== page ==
If, however, it is assumed, arguendo, that § 1983 does apply here, still the appellant cannot recover. We hold that the appellee, as a court-appointed receiver doing no more and no less than to carry out an explicit order, fair and regular on its face, by the appointing court, which unquestionably had jurisdiction under the Martin Act,6 was immune from liability to the appellant for taking into his possession as receiver the $50,000 from the Roth Special Account. Section 1983 is not in derogation of common law immunities. See Pierson v. Ray, 386 U.S. 547, 87 S.Ct. 1213, 18 L.Ed.2d 288 (1967), which held that a trial judge was immune from suit under § 1983 and that the defense of good faith and probable cause was available to arresting police officers. See also, Fanale v. Sheehy, 385 F.2d 866 (2 Cir. 1967); Bauers v. Heisel, 361 F.2d 581, 587-588 (3 Cir. 1966), cert. denied, 386 U.S. 1021, 87 S. Ct. 1367, 18 L.Ed.2d 457 (1967). A court appointed receiver is a quasi-judicial officer within the protection of the immunity.
Officers of the courts, such as * * * receivers * * * who act in obedience to the lawful mandate of the court or in obedience to lawful process of any sort, are protected or privileged in respect to acts done under such lawful authority * * * A receiver obeying the orders of the court is not a guarantor of the correctness of the court's rulings. 2 Clark, Receivers § 388 (3d ed. 1959).
In Jobson v. Henne, 355 F.2d 129 (2 Cir. 1966) this court refused the immunity to administrative officials of a state school for mental defectives where the plaintiff-appellant, an inmate, sued under the Civil Rights Act, § 1983, and alleged that the officials had placed him under peonage and involuntary servitude under the guise of therapeutic treatment. The decision gave express recognition to the common law immunity afforded legislative and judicial officers, page 133, and it carefully distinguished the case of Francis v. Lyman, 216 F.2d 583 (1 Cir. 1954), in which the First Circuit had held that the immunity did apply to the wardens of a correctional institution who had incarcerated the plaintiff under a judicial warrant valid on its face. The court noted that none of the wardens had the lawful power to refuse to confine the plaintiff "nor could they be viewed as having" caused the unconstitutional confinement. In commenting on the Lyman case in this court's opinion in Jobson, we pointed out that in Jobson, the administrative officials did have the power to alter the program of treatment of the inmate plaintiff; and, if the conduct consisted of placing the inmate in peonage, they were the ones who brought it about.
The position of the appellee receiver in this case parallels that of the wardens in Lyman rather than that of the administrative officials in Jobson. "Receivers, like sheriffs or other court officers, may be guilty of contempt of court or liable to the parties injured if they do not obey the lawful orders of the court appointing them." 2 Clark, supra.
Appellant also contends that the defense of official immunity is an affirmative defense which was neither pleaded nor disclosed by the defendant, see Rule 8(c) of the Fed.R.Civ.P., and was, therefore, improperly introduced into the case by the court below without adequate notice to the plaintiff. While the defendant set forth as an affirmative defense the fact of his appointment as temporary receiver, and that such appointment was subsequently made permanent, he did not plead that his seizure and retention of the funds was pursuant to the express orders of the state court. But the appellant itself put into evidence all of the state court record of the proceedings, including the appointing orders and the specific direction to the receiver to seize the $50,000 in the Roth Special Deposit. The appellee may avail himself of the appellant's proof. 2A Moore, Federal Practice ¶ 8.27  at 1853 (2d ed. 1967). Moreover, the issue was tried in the District Court by the implied consent of the parties. See Rule 15(b)7 3 Moore, Federal Practice ¶ 15:13  at 987 (2d ed. 1967); and the District Court was bound to consider the issue raised by the evidence even though the appellee made no formal motion to amend his pleadings. Underwriters Salvage Co. of New York v. Davis & Shaw Furniture Co., 198 F.2d 450, 453 (10 Cir. 1952).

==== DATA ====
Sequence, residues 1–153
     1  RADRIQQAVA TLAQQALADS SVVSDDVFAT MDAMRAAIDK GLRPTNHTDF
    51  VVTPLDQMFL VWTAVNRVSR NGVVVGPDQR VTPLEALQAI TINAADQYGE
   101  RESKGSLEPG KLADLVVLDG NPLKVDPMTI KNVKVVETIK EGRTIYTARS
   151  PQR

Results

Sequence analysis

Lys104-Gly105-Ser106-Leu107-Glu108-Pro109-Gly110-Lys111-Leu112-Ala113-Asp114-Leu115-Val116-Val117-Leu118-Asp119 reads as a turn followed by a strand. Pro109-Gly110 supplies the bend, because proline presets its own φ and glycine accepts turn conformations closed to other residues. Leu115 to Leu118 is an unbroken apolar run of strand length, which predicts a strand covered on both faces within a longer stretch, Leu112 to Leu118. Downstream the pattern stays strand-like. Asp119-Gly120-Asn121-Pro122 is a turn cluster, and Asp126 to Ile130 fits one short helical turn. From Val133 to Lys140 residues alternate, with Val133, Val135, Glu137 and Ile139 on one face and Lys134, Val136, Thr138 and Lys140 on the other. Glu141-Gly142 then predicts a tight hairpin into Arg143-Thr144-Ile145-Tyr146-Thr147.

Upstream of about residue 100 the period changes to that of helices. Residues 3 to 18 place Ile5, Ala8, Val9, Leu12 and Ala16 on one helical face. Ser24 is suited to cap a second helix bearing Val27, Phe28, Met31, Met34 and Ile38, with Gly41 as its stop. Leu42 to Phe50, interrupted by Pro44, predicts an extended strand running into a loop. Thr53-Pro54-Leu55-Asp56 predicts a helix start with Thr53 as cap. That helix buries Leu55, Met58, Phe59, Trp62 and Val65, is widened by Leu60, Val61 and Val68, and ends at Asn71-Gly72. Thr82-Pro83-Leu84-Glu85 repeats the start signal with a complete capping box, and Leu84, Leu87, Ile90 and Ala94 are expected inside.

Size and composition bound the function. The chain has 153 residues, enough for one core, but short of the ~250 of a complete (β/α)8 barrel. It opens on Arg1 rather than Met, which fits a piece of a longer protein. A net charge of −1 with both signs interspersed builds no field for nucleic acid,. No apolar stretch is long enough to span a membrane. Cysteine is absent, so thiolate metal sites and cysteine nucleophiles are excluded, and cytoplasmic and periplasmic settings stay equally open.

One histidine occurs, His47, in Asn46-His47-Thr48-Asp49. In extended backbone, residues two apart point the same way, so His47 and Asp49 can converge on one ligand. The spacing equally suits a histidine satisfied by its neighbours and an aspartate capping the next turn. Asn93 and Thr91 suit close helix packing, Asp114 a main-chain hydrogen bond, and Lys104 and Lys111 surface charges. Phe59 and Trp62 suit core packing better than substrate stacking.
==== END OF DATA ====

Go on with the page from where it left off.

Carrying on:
The judgment of the District Court is affirmed.
Appellant's claim that it was never afforded notice that a receivership or any taking of its property was contemplated is unfounded
See Hughes v. Ellenbogen, 256 App.Div. 1103, 11 N.Y.S.2d 561 (2d Dept. 1939); Grenthal v. American Guar. & Liabl. Ins. Co., 5 Misc.2d 994, 995, 161 N.Y.S.2d 985, 987 (Sup.Ct.N.Y.Co.1957)
See n. 1, supra
Appellant relies on our language in In re Koch, 116 F.2d 243, 246 (2 Cir. 1940), cert. denied sub nom. Hirson v. Koch, 313 U.S. 565, 61 S.Ct. 941, 85 L.Ed. 1524 (1941) where we stated that "the receiver would have no right to take any specific property from the debtor's possession without a judicial finding that such property was the proceeds of the debtor's fraud or resulted from so intermingling such proceeds with other property that identification of the proceeds themselves was impossible." See People v. Reinforced Paper Bottle Corp., 176 Misc. 268, 270-271, 27 N.Y.S.2d 14, 16-17 (Sup.Ct.N.Y.Co.1941)
Section 14 of the New York Judiciary Law, McKinney's Consol.Laws, c. 30, prohibits a judge from sitting or taking any part in the decision on any matter in which he has an interest
The appellant does not claim that the State Supreme Court did not have power to issue an order of the general type issued here, authorizing the seizure of proceeds of a bank account in a proceeding under the Martin Act. Nor is there any question but that the process in question was fair and regular on its face. Any infirmity in that part of the order directing the seizure of the funds in question would have required the receiver to search far beyond the face of the order. A receiver should not be required to look beyond the writ or exercise his judgment as to whether it is valid
Fed.R.Civ.P., Rule 15(b) provides in pertinent part:
"When issues not raised by the pleadings are tried by express or implied consent of the parties, they shall be treated in all respects as if they had been raised in the pleadings."